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  1. null (Ed.)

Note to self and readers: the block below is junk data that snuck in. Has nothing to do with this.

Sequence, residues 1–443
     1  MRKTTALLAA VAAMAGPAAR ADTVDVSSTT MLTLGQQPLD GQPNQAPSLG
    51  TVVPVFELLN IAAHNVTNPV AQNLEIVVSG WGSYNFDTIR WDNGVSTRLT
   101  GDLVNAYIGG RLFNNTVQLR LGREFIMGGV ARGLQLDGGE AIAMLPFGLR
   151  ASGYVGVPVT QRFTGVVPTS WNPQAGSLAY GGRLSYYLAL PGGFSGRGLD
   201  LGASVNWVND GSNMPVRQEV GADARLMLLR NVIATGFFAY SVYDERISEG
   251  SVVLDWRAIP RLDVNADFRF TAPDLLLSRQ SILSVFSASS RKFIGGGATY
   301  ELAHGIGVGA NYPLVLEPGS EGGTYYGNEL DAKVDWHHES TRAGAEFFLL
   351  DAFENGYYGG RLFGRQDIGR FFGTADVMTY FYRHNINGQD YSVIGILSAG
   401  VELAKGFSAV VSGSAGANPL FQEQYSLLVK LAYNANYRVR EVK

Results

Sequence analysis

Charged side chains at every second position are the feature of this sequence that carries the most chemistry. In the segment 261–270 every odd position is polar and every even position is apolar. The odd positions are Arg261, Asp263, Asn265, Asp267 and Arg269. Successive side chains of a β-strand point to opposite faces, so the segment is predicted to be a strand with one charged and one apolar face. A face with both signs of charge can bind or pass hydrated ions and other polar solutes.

Though virtual reality (VR) has been advanced to certain levels of maturity in recent years, the general public, especially the population of the blind and visually impaired (BVI), still cannot enjoy the benefit provided by VR. Current VR accessibility applications have been developed either on expensive head-mounted displays or with extra accessories and mechanisms, which are either not accessible or inconvenient for BVI individuals. In this paper, we present a mobile VR app that enables BVI users to access a virtual environment on an iPhone in order to build their skills of perception and recognition of the virtual environment and the virtual objects in the environment. The app uses the iPhone on a selfie stick to simulate a long cane in VR, and applies Augmented Reality (AR) techniques to track the iPhone’s real-time poses in an empty space of the real world, which is then synchronized to the long cane in the VR environment. Due to the use of mixed reality (the integration of VR & AR), we call it the Mixed Reality cane (MR Cane), which provides BVI users auditory and vibrotactile feedback whenever the virtual cane comes in contact with objects in VR. Thus, the MR Cane allows BVI individuals to interact with the virtual objects and identify approximate sizes and locations of the objects in the virtual environment. We performed preliminary user studies with blind-folded participants to investigate the effectiveness of the proposed mobile approach and the results indicate that the proposed MR Cane could be effective to help BVI individuals in understanding the interaction with virtual objects and exploring 3D virtual environments. The MR Cane concept can be extended to new applications of navigation, training and entertainment for BVI individuals without more significant efforts. 
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